Lebanese American University

School of Arts and Sciences

POL 241

Model United Nations- Diplomatic skills

        Background guide

Child Labour in the Arab World

Prepared by: Tarek Ibrahim & Farah El Shoghri

Presented to: Dr. Elie Samia

Date: Friday April 4th  


Description of the Committee

The United Nations Children's Fund (UNICEF) was established under the General Assembly. With its strong presence in 155 countries, UNICEF is the world's leading advocate for children. It has the global authority to influence decision-makers, and the variety of partners at the grassroots level to turn the most innovative ideas into reality.

It believes that nurturing and caring for children are the cornerstones of human progress. UNICEF was created with this purpose in mind, to work with others to overcome the obstacles that poverty, violence, disease and discrimination place in a child's path, and therefore, advocates for measures to give children the best start in life.

UNICEF is a part of the Global Movement for Children. Through this movement, it encourages young people to speak out and participate in the decisions that affect their lives. 

UNICEF upholds the Convention on the Rights of the Child. It works to assure equality for those who are discriminated against, girls and women in particular, and works for the Millennium Development Goals and for the progress promised in the United Nations Charter. It strives for peace and security, and work to hold everyone accountable to the promises made for children.

TOPIC: Child Labour in the Arab World


Children are God's gift that is to be nurtured, well raised and taken care of; this is true when it comes to one's children but what about the 250 million working children around the world, the ten million street children in the Arab World? Who is taking care of them?

In fact, Child labour is a complex social and political issue with a long and evolving history: child labour first became an international issue in the 1860s, but it was not until the 1980s, more than a century later, that a global movement began to take shape. Then, in the second half of the 1990s, the international profile of child labour attained unprecedented levels. And, nowadays, the phenomenon of “child labour” has moved to new dimensions. The work of children has become a global issue and a topic of crucial concern.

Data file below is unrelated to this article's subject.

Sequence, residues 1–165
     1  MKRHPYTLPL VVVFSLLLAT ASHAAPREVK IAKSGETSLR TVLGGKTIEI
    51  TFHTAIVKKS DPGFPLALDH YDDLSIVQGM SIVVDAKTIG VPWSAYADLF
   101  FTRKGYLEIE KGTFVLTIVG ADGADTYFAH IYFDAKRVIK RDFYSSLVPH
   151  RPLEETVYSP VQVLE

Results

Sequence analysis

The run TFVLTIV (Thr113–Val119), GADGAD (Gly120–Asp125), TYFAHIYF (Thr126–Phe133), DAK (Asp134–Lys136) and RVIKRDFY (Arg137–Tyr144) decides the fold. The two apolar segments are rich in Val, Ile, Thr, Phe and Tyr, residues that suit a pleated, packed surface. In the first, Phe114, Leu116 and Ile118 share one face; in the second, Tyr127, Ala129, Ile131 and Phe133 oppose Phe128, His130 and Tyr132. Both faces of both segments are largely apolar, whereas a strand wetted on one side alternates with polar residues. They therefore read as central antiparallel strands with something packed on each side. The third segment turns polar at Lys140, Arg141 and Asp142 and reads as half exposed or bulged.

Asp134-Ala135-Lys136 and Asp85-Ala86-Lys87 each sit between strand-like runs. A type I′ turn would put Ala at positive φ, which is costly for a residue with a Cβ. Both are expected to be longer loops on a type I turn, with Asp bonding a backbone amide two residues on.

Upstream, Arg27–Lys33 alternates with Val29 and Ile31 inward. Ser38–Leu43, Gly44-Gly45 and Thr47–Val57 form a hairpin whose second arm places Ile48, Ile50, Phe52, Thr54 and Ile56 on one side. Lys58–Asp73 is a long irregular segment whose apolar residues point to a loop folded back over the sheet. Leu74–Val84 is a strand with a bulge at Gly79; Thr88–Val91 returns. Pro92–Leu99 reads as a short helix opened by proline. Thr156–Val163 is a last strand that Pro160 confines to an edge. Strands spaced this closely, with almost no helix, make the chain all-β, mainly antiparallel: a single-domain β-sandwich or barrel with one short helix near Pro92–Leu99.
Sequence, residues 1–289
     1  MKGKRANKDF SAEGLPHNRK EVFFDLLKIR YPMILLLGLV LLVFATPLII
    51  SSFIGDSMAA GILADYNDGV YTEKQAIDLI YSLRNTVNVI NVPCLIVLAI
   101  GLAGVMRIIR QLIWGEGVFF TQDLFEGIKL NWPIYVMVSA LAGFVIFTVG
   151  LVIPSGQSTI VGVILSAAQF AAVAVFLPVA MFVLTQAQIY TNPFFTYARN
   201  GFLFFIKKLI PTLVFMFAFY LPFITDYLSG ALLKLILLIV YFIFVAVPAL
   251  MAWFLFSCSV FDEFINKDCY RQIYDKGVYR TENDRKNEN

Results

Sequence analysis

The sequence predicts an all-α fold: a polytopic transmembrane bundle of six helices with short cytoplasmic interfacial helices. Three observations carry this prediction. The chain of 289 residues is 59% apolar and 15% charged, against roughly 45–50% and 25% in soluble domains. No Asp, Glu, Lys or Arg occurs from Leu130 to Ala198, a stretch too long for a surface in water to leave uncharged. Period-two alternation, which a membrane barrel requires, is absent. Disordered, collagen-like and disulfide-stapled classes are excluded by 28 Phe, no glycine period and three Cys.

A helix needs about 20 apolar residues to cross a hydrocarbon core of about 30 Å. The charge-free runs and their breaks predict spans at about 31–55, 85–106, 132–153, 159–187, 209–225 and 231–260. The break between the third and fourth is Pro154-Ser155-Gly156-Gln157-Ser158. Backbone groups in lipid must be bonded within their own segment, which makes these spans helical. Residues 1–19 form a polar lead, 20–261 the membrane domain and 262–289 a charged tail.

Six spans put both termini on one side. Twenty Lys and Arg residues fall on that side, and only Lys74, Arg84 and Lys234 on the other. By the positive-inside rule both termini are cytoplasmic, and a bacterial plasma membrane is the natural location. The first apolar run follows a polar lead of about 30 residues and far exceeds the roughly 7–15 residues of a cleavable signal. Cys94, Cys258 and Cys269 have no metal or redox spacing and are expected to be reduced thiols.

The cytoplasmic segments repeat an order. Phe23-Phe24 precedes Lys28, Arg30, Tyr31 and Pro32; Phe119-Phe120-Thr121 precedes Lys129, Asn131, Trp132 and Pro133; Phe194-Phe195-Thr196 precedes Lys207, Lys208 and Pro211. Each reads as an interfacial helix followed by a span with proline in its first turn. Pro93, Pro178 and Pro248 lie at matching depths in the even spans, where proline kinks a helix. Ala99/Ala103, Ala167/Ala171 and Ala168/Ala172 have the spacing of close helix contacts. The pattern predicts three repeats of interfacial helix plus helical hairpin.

Children carry out a very wide range of tasks and activities when they work, and considerable differences exist between the many kinds of work children do. Some are difficult and demanding, others are more hazardous and morally reprehensible. However, not all work done by children should be classified as child labour that is targeted for elimination. Children’s or adolescents' participation in light work that does not affect their health and personal development or interfere with their schooling may be regarded as acceptable. The ILO Minimum Age Convention No. 138 and the worst Forms of Child Labour Convention No. 182 provide essential guidance on these matters. Therefore, the term "child labour" is defined as work that deprives children of their childhood, their potential and their dignity, and is harmful to their physical and mental development. It refers to work that is mentally, physically, socially or morally dangerous and harmful to children. Furthermore, it involves the kind of work that interferes with their schooling by depriving them of the opportunity to attend school, obliging them to leave school prematurely, or requiring them to attempt to combine school attendance with excessively long and heavy work. In 2000, UNICEF estimated that 45.3 percent of children ages 6 to 14 years were working in Lebanon. Children are employed in metal works, handicraft and artisan establishments, as well as sales, construction work and the operation of machinery. Moreover, in Egypt in 2007 an estimated 20.5% of children between 6  and 14 years are working, 73% of them are boys and the rest 27% are girls, both working mainly in agriculture doing seasonal work for 11 hours per day, seven days a week, far above the number of hours permitted under Egypt’s Child Law. Whether or not particular forms of "work" can be called "child labour" depends on the child's age, the type and hours of work performed, the conditions under which it is performed and the objectives pursued by individual countries. The answer varies from country to country as well as among sectors within countries.

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The ILO’s Minimum Age Convention, 1973 (No. 138) states that the minimum age for entry into employment should not be less than the age of completion of compulsory schooling, and not less than 15 years, or 14 in the case of countries “whose economy and educational facilities are insufficiently developed “(Article 2, paragraph 3 and 4).

The situation is not clear-cut for children aged 12-14, because Convention No.138, Article7, paragraph 1, permits light work for 13 to 14 year-olds (or 12 to 13 year-olds in developing countries). Consequently the country-specific number of children in light ...

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